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Two, not one, singularities
December 1, 2011 3:36 AM   Subscribe

With everything rolling towards the abyss, our only hope for a bright future seems to be the Singularity, a technological transformation of what it means to be human. But in a talk for TEDx Brussels, science fiction and horror writer John Shirley argues that there are really two Singularities — and yes, everything will be terrible in the short term. So why is he optimistic about the future of the human race? Read on.
posted by Brandon Blatcher (52 comments total) 13 users marked this as a favorite

 
It's forbidden.
posted by ZaneJ. at 3:37 AM on December 1, 2011 [1 favorite]


Well, perhaps that's the point.
The remote future will be great.
We won't get to see it.
Causality is left as an exercise for the reader.
posted by hank at 3:44 AM on December 1, 2011 [1 favorite]


tl,dr: It's gonna be Zardoz, and you probably won't get to be one of the immortals.
posted by Meatbomb at 4:04 AM on December 1, 2011 [4 favorites]


I just read the article. Meatbomb's assessment is surprisingly accurate. No mention of red Speedos, however.
posted by KHAAAN! at 4:13 AM on December 1, 2011


To clarify, I read it... I am providing a service to those with limited time and desiring a pithy summary.
posted by Meatbomb at 4:15 AM on December 1, 2011 [1 favorite]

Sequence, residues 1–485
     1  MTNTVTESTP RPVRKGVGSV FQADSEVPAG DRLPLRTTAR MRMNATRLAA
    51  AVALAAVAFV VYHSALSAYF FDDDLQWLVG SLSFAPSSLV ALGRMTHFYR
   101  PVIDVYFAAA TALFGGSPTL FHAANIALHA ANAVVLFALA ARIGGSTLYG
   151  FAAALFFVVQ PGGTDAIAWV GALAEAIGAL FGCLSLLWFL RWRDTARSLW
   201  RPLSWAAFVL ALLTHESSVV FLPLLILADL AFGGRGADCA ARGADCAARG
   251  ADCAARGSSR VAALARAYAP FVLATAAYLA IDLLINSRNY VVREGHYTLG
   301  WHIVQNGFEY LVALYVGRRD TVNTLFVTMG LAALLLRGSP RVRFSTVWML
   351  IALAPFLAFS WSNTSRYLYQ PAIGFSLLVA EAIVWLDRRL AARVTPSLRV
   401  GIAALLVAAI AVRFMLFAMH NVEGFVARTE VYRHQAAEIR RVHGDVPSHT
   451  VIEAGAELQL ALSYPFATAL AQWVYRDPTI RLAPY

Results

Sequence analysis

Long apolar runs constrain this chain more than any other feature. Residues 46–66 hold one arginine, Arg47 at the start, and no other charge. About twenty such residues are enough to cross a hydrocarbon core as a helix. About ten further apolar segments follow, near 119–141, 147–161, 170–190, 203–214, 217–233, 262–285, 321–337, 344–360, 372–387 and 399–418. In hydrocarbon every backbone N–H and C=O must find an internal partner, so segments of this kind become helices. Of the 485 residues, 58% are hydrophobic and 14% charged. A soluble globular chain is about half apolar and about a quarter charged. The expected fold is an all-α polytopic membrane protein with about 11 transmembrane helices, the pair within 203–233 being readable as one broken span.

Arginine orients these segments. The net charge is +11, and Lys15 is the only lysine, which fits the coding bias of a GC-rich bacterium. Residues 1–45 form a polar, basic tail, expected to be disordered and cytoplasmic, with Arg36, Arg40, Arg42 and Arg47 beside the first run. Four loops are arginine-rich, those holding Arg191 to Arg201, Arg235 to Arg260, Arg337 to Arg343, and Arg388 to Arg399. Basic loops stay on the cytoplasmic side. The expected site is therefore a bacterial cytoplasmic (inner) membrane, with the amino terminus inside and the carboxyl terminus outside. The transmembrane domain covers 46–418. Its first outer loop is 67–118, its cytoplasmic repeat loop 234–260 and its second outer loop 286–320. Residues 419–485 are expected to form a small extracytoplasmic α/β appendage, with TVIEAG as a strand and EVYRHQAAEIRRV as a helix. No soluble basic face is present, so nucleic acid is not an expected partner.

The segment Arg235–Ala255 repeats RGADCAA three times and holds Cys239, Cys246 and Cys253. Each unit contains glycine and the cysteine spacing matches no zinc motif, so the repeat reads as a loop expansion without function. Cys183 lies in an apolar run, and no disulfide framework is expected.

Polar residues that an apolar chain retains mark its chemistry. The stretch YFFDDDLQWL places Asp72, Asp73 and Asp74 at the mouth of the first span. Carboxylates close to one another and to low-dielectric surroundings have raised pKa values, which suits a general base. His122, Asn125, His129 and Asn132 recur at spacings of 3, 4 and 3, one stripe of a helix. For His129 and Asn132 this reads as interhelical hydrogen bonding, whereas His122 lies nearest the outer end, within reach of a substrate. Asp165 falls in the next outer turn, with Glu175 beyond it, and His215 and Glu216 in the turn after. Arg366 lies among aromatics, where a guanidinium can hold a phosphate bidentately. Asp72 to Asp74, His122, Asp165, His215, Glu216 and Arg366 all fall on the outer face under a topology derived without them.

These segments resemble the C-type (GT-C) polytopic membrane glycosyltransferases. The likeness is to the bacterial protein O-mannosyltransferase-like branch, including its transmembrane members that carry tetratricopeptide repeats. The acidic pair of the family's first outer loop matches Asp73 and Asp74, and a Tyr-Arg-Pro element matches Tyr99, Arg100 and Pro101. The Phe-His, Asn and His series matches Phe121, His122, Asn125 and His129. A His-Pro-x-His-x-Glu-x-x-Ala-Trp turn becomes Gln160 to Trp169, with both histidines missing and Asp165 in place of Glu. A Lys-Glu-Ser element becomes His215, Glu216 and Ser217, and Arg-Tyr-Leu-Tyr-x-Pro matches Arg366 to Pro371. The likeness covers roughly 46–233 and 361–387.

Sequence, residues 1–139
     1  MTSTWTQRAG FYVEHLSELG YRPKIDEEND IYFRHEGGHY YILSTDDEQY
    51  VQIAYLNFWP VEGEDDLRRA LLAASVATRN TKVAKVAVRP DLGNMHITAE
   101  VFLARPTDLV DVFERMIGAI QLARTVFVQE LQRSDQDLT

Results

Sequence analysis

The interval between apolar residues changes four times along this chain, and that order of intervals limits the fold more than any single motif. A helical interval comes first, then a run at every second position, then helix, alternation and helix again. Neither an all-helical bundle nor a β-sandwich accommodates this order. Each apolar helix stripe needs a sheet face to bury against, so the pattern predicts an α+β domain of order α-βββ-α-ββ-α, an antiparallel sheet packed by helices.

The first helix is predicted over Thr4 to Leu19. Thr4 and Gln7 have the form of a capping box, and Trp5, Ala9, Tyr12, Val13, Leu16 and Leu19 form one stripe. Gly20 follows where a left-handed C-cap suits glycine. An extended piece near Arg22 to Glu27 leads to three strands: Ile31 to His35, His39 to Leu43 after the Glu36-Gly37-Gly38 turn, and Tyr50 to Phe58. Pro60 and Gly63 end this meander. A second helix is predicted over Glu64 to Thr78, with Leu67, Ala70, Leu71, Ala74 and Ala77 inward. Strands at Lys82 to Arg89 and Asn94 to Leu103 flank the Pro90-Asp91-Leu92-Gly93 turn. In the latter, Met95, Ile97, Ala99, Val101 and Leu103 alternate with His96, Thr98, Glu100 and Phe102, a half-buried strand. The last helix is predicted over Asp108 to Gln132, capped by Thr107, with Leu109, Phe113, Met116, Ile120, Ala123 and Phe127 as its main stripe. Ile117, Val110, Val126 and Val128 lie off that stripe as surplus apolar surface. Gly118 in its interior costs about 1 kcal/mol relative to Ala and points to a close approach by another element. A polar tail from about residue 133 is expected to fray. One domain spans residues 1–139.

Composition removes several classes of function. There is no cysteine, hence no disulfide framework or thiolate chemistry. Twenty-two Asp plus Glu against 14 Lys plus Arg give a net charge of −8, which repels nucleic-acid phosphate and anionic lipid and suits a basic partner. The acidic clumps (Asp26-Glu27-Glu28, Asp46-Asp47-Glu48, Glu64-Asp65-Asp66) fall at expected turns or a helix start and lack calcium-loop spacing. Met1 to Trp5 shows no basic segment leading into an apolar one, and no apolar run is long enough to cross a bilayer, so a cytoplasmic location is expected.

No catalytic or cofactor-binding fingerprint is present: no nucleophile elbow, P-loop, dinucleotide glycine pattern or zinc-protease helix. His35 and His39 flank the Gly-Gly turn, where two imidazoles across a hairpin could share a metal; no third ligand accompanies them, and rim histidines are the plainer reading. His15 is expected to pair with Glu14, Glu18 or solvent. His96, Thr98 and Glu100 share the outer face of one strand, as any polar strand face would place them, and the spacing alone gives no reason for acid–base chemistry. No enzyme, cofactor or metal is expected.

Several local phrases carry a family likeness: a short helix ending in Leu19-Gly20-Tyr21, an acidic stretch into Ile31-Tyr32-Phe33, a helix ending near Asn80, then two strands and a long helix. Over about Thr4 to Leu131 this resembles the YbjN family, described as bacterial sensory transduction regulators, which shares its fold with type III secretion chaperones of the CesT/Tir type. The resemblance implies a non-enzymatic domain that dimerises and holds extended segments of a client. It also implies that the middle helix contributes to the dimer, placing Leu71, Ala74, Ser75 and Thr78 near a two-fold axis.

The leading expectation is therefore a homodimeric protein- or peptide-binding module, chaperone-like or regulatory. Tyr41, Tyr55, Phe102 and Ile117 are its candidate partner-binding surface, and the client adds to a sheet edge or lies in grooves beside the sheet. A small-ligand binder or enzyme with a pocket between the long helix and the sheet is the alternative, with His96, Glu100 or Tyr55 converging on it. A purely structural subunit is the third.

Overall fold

Well, I'll give a science fiction and horror writer credit for writing a mix of science fiction and horror.
posted by twoleftfeet at 4:17 AM on December 1, 2011 [1 favorite]


I wish he linked to the sources more (than not at all).
posted by hat_eater at 4:29 AM on December 1, 2011 [1 favorite]


The article seems to boil down to ' things are going to get better because things are going to get much, much worse.'

Mr. Shirley seems to be doing some serious hand-waving at the end, about how humanity will find consensus and come up with some common-sense rules for the stewardship of spaceship Earth. Sorry, but I don't see it. Human nature hasn't changed much in the last 10,000 years, and I really don't see how it's going to turn on a dime in the next 100 or 200, no matter how close humanity comes to extinction-type events. All I see for the future is more of the same: lots of wars, lots of famine, disease, pollution, inequality, injustice, etc. with a few new shiny gadgets and gizmos for the wealthy and privileged to play with.